UK Startup compnay and third party as creditor OR owner


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Hi all,

First post and possibly some dumb questions:

I'm drafting a Term Sheet (Agreement) for an odd business relationship and tax (at the corporate and individual level) will play a part in how that relationship is defined in contract:

Some context may be helpful:

Normally you have an entrepreneur (who has the idea) and they seek venture capital from a third party (who has the money). However, in our case, we have:

An entrepreneur (who has the capital, the motivation but not the idea) and has promised a substantial share of equity to the third party who has the solution to the entrepreneur's business problem (thus the third party has the idea, but not the money).

Both parties will share control, however only the "entrepreneur" will manage operations. The third party doesn't want to be part of the company but does want quarterly payments out of the business (if you need more details on this let me know).

So my problem is how to position the third party (as shareholder, creditor, licensor etc.), and what are the tax and legal implications of such positionings.

I can treat the third party as a creditor who sells the idea to the entrepreneur (company) and the company thus has a debt to repay. The problem here is, the debt is variable (in that it's linked to the performance of the company and its valuation upon the third party's exit). Is that a problem?

Can the repayment of a debt (not interest, but the principal) be treated by the company as an expense and be written off against revenues (income) and thus reduce taxable profit?
i.e. can the paying down of a liability be netted against revenues pre-corporation tax.

If the third party receives such "repayments" are they treated as regular income, or is income from the sale of an idea (IP) treated differently? If the third party was a company in say, Singapore, would this be legal and also liable for corporation tax in Singapore?

That will do for now.

If anyone can shed some light on these issues I'd be most grateful.

Many thanks,

C.
 
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Sounds to me like a shareholder situation is the way to go. The ideas man would then be entitled to a dividend commensurate with his shareholding and would declare the dividend on his self assessment tax return.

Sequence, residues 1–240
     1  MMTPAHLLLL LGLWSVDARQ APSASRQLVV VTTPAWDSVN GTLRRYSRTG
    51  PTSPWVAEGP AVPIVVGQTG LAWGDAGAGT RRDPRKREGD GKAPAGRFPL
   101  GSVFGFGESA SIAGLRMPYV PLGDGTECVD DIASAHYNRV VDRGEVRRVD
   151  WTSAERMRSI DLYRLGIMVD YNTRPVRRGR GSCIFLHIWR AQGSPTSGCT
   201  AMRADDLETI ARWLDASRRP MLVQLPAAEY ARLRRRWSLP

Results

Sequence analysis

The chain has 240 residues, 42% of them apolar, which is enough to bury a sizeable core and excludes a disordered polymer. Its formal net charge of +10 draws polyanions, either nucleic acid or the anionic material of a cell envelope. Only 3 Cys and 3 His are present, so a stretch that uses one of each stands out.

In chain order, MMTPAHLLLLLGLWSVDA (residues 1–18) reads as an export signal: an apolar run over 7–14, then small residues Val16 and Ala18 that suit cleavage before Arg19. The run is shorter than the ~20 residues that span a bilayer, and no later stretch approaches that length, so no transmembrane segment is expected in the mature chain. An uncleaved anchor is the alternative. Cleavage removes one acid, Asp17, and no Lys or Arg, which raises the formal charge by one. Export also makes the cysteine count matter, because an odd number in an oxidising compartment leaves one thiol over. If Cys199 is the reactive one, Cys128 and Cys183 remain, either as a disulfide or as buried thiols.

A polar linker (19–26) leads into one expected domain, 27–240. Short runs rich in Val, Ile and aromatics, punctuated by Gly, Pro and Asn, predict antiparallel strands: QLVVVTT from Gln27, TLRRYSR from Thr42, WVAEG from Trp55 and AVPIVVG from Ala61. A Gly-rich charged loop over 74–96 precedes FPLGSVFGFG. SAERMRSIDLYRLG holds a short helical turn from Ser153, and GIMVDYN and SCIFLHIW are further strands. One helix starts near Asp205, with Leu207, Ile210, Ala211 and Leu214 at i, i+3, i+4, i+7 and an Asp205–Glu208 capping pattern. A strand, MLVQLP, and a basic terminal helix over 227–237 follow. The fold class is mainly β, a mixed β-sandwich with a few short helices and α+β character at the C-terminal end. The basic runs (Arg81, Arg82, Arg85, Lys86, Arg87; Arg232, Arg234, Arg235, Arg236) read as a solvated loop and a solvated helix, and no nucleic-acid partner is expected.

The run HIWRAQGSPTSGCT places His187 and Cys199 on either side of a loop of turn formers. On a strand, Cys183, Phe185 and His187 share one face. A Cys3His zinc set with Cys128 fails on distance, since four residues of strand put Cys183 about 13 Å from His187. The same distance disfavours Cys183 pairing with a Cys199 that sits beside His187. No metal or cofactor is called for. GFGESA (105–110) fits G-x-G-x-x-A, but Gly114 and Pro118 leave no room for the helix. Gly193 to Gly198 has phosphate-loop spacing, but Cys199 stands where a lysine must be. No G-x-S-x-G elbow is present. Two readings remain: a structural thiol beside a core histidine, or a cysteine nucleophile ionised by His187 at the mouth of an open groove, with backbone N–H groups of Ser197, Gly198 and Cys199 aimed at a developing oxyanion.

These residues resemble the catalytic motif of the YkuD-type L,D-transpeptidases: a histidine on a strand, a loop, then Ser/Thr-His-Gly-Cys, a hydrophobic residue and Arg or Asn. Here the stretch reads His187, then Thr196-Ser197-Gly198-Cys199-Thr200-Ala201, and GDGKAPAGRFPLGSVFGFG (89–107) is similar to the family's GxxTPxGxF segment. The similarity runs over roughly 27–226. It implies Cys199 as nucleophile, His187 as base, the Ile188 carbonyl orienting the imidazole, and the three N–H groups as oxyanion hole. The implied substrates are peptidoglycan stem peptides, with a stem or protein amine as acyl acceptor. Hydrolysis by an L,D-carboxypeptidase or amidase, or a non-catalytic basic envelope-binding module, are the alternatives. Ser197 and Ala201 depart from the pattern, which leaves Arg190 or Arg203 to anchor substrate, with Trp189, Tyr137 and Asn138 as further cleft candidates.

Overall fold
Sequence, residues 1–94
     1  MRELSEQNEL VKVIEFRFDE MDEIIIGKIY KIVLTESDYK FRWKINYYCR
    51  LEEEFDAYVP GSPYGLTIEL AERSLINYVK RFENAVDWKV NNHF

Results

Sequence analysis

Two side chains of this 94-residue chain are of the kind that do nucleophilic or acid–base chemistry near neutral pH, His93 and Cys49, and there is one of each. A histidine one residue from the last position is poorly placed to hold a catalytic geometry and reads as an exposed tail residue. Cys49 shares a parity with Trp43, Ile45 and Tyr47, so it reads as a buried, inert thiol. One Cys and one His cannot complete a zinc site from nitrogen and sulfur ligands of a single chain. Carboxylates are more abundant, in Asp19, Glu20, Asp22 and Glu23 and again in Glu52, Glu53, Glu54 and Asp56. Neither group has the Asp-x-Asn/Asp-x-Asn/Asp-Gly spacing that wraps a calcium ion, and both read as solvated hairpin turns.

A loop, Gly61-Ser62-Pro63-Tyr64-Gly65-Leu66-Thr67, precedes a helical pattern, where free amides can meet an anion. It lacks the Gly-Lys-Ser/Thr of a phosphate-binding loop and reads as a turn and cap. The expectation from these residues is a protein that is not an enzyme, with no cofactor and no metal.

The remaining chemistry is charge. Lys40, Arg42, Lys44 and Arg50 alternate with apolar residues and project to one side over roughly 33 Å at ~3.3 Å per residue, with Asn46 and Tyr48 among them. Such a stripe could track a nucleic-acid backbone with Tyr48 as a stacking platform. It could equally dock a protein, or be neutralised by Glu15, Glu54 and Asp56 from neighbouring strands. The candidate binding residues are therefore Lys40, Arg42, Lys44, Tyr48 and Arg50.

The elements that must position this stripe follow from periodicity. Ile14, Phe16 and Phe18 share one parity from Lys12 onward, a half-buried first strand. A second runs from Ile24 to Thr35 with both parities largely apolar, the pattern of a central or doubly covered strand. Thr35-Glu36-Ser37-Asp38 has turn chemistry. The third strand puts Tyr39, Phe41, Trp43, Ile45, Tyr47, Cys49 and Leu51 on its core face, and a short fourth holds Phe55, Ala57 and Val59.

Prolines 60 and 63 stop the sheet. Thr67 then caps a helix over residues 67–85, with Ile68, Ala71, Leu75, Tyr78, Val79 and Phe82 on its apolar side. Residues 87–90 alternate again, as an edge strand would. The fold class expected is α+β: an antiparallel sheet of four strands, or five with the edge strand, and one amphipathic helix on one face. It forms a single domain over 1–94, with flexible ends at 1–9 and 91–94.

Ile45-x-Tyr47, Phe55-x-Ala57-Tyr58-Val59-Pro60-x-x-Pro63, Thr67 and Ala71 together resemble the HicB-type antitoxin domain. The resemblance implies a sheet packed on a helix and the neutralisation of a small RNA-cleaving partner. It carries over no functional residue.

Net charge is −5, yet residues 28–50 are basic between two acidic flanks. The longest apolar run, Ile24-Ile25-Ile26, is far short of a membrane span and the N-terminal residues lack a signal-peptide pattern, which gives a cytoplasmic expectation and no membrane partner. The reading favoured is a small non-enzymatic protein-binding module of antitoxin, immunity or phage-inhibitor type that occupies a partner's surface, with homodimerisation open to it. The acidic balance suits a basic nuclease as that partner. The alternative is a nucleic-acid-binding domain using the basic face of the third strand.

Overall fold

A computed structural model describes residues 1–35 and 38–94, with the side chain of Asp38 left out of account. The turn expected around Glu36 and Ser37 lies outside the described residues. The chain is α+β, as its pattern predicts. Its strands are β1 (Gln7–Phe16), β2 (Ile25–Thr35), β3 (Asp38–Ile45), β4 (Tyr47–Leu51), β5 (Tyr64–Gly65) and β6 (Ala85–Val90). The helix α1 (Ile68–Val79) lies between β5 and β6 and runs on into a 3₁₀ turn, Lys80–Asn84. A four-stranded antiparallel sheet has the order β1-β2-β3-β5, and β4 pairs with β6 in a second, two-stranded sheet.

However, dividends are only payable when profits are made and after corporation tax is paid, so it's entirely possible that the ideas man could receive no money at all for a year or two, while the money man could be taking a salary (which will bring down Corporation tax liability). You could set it up as no salary / dividends only but this will increase corp tax liability.
 
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Many thanks for the reply Snorbenz.
Before I go into why the straight shareholder model is not ideal, I have a couple of questions:

1. Can you/someone tell me how the repayment of debt principal would / can be treated by an accountant. i.e. can the repayment of a liablility be netted against revenues to reduce taxable profits?

2. Can a shareholder also be a creditor? Is there any conflict? Are there legal or tax implications?


The straightforward shareholder method is not ideal for a number of reasons, here are 2:

1) There would be only 2 shareholders (ideas man + entrepreneur) and it's my understanding that if a dividend is paid then it must be paid to all shareholders.

2) As you point out, dividends are paid after tax, and I'm trying to reduce the company's tax burden.


Many thanks again, and all input greatly appreciated.

C.
 
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quick related question

If a company is buying back its shares is that treated the same tax-wise as paying down debt principal?

Thanks,

C,
 
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1. Can you/someone tell me how the repayment of debt principal would / can be treated by an accountant. i.e. can the repayment of a liablility be netted against revenues to reduce taxable profits?
You've quite a few complex issues here...

Only the interest can be claimed for tax purposes in the company

But then the Idea's man would have to declare this interest as income in their personal tax return. So as a collective you are no better off.